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Opening Arguments

Too late, too drastic

Someone who isn't a crazed conservative wingnut wants to impeach President Obama:

WASHINGTON — Worse than Richard Nixon. An unprecedented abuse of powers. The most un-American president in the nation’s history.

Nat Hentoff does not think much of President Obama.

And now, the famous journalist says it is time to begin looking into impeachment.

Hentoff sees the biggest problem as Obama’s penchant to rule by executive order when he can’t convince Congress to do things his way.

The issue jumped back into the headlines last week when, just before his first Cabinet meeting of 2014, Obama said, “I’ve got a pen and I’ve got a phone … and I can use that pen to sign executive orders and take executive actions.”

“Apparently he doesn’t give one damn about the separation of powers,” Hentoff told WND. “Never before in our history has a president done these things.”

And just to make sure everyone knows how extremely serious he regards the situation, the journalist added, “This is the worst state, I think, the country has ever been in.”

With Obama more than a year into his second term, it's a little late in the day for this, don't you think? And I doubt if the Supreme Court justices, the only ones whose opinion matters, would think he's committed an impeachable offense. Sure, I'm certain there is some sentiment among House Republicans for impeachment, but even if the GOP takes over the Senate, I don't think it would have the stomach for a trial.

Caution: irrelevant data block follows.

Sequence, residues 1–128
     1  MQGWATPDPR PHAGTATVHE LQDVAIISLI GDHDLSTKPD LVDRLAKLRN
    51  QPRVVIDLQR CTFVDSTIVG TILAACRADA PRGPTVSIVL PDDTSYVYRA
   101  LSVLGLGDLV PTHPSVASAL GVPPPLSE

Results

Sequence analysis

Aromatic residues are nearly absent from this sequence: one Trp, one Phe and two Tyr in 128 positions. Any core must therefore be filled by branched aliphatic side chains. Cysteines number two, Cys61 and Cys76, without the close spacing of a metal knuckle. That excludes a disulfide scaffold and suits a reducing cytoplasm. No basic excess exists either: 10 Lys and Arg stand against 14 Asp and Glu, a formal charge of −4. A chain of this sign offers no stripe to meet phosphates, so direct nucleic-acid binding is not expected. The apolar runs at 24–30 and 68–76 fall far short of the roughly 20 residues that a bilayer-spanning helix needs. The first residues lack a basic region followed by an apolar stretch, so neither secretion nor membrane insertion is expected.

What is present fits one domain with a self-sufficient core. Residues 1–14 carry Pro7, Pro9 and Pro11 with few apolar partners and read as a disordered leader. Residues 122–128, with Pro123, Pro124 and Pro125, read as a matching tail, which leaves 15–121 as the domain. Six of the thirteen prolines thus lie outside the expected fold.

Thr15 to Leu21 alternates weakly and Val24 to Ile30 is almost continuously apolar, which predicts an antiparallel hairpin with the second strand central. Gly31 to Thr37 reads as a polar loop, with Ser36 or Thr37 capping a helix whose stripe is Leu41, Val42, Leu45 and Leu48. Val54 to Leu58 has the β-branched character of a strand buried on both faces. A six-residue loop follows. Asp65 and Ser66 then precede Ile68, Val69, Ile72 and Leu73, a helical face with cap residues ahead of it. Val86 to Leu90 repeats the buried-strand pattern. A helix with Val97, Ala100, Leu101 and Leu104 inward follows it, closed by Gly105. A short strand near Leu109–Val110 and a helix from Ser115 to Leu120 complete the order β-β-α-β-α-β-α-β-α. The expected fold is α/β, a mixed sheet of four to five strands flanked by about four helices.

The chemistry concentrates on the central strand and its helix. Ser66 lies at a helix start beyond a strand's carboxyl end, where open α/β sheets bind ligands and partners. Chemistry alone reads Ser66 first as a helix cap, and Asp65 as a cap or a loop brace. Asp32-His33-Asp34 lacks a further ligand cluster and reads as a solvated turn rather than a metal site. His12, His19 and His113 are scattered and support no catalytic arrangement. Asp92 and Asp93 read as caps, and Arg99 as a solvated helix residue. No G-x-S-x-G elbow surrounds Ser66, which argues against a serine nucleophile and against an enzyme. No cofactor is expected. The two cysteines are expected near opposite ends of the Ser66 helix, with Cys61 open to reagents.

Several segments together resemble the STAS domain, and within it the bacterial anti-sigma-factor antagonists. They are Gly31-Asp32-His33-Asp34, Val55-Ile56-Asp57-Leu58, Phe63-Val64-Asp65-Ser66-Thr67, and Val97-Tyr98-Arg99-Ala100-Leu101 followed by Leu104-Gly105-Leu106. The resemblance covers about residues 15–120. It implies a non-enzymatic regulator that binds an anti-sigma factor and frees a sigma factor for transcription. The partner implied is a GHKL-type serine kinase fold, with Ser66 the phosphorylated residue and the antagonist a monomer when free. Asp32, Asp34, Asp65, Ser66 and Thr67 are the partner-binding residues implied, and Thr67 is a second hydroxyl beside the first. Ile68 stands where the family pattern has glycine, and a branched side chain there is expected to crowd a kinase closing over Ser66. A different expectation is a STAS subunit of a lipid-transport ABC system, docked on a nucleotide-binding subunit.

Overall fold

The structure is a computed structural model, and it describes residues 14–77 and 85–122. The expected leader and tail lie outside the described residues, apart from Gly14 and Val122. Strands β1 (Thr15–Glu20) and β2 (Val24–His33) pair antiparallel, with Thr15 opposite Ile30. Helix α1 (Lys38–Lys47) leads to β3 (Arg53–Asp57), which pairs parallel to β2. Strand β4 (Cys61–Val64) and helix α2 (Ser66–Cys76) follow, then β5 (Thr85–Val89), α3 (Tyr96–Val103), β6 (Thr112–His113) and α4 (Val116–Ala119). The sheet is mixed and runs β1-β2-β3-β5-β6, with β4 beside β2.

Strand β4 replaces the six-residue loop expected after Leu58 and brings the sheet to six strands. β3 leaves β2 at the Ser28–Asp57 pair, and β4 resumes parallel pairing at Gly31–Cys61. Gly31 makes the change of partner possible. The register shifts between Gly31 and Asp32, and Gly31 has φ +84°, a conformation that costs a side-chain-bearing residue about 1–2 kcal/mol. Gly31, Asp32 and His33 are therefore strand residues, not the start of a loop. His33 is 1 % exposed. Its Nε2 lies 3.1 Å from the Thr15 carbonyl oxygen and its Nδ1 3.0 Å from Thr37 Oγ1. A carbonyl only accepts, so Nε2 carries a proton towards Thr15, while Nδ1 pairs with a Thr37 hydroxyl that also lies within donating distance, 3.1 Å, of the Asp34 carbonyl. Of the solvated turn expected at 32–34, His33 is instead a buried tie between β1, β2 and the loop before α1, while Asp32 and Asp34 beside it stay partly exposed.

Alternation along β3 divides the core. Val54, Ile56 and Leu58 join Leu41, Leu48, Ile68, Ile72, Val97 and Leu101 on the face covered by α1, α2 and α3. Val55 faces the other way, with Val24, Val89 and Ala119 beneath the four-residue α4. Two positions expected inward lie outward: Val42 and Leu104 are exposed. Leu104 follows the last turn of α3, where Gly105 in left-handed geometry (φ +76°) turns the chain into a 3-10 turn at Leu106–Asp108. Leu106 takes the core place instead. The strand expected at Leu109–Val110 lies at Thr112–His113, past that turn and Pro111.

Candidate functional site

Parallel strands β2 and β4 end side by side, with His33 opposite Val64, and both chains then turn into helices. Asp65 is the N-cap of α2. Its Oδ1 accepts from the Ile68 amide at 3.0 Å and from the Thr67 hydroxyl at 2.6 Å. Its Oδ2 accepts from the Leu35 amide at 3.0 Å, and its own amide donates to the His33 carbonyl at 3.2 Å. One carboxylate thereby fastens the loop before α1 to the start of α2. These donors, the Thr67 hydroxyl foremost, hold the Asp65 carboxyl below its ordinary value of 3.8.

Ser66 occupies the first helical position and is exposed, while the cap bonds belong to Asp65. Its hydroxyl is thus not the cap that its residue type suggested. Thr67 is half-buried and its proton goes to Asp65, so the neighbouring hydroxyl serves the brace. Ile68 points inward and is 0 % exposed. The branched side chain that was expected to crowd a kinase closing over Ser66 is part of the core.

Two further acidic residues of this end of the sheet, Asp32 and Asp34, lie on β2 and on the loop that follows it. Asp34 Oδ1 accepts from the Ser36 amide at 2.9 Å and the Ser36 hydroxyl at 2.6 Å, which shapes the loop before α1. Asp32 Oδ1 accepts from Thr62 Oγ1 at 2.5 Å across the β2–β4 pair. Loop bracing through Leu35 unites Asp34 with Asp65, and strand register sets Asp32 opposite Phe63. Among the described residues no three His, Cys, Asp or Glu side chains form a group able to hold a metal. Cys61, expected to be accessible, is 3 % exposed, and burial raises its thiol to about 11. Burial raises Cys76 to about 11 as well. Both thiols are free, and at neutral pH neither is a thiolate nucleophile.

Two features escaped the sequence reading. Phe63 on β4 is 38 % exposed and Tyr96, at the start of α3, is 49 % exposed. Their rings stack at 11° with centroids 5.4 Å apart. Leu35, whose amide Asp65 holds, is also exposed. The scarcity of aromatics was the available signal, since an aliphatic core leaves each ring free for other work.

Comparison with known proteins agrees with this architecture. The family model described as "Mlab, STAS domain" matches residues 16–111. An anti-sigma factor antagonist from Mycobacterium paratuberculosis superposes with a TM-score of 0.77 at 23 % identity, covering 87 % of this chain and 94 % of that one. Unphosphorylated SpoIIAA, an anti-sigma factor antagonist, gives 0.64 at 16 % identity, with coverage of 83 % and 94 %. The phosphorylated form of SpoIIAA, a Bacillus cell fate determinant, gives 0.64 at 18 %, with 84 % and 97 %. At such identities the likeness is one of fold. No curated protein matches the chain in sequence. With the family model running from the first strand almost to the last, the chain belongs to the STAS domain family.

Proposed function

Impeachment is like war, I think -- only to be undertaken when all other options have been exhausted. At the Philadelphia convention, George Mason wanted "maladministration" on the list of impeachable offenses, but James Madison argued that the term was too vague and open to interpretation, so they stuck with bribery, treason and "high crimes and misdemeanors." It was clear from the discussion -- and from the discussion in the states as they considered the Constitution -- that "high crimes" was meant to be a broad category, too -- not as broad as "maladministratiion," for sure, but certainly big enough to cover the type of usurpation Hentoff is talking about.

But it has not been interpreted that way in actual use from the very beginning. We've had only two impeachments, and both ended in acquittal, so it's not something our politicians want to routinely use. Impeachment is a good substitute for assassination (that was Benjamin Franklin's argument, I believe), but it's a poort substitute for and election.

And how is a conservative to view a constitutional provision where the intent was one thing but the actual practice quite another? It's one thing when the Supreme Court taking a wrong turn on abortion in 1973; 40 years of court history shouldn't stop us from studying constitutional language and the Founders' intent.  But it's another thing when actual practice strayed from intent immediately and stayed that way for all of our history.